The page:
DNA as a target for anticancer compounds: methods to determine the mode of binding and the mechanism of action
Small molecules that bind to DNA are extremely useful as biochemical tools for the visualization of DNA both in vitro and inside the cell. Additionally, the clinical significance of DNA-binding compounds can hardly be overstated, as many anticancer regimens include a compound that binds to and/or modifies DNA. Although many of the important DNA-binding anticancer drugs were discovered in phenotypic, cell-based screens, in vitro experiments have been developed that enable a precise determination of how a compound interacts with DNA. This review provides a summary of the assays that should be performed when it is suspected that DNA may be a target for a given small molecule. A battery of in vitro assays readily distinguishes between DNA intercalation, DNA groove binding, and the inhibition of topoisomerases. Further cell-based investigations can implicate a direct effect of a compound on DNA within the cell. Together, these assays are powerful tools to determine the mechanism of previously discovered molecules, and will be crucial to the discovery of the next generation of DNA-binding anticancer drugs.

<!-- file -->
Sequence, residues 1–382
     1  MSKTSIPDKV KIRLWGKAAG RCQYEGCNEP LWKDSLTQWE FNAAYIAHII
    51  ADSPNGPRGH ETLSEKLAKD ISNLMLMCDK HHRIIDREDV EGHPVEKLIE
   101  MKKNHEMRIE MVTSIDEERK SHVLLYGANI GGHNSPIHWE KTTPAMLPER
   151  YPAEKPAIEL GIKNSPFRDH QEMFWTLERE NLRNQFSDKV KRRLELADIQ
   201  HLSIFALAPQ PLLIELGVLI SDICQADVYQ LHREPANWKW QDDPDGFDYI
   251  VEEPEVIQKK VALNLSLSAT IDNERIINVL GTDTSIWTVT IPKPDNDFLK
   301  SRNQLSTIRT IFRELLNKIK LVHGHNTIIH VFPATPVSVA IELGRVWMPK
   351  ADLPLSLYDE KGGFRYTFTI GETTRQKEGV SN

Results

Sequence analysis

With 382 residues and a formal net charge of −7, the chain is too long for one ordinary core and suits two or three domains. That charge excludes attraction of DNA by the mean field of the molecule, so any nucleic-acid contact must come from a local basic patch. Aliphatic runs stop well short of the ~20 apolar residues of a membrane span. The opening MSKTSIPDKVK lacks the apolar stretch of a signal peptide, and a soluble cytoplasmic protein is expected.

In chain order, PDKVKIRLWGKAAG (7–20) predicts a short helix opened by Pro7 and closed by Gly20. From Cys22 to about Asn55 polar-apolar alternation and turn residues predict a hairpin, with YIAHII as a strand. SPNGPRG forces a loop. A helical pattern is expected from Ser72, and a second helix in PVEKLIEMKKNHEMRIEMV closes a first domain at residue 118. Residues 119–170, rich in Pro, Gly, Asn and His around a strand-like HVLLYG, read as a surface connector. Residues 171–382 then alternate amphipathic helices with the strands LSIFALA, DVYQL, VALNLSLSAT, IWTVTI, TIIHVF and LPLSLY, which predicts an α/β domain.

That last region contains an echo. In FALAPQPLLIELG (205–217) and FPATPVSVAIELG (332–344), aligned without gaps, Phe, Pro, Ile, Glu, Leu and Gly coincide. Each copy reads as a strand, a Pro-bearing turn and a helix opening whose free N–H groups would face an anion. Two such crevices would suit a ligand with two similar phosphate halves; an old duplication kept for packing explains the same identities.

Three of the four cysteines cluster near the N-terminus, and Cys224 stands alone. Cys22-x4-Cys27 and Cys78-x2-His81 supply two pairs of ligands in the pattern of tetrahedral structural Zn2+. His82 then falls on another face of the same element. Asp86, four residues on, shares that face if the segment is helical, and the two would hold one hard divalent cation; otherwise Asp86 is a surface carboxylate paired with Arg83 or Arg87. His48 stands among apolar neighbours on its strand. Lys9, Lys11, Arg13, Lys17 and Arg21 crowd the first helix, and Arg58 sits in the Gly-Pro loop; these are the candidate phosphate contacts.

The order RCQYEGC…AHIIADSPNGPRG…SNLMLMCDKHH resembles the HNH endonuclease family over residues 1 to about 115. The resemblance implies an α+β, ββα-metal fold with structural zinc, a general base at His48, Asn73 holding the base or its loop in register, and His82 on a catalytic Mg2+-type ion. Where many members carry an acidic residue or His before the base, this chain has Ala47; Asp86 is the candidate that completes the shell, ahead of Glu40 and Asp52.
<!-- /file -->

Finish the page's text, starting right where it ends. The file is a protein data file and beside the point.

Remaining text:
Journal: Current Opinion in Biotechnology - Volume 18, Issue 6, December 2007, Pages 497–503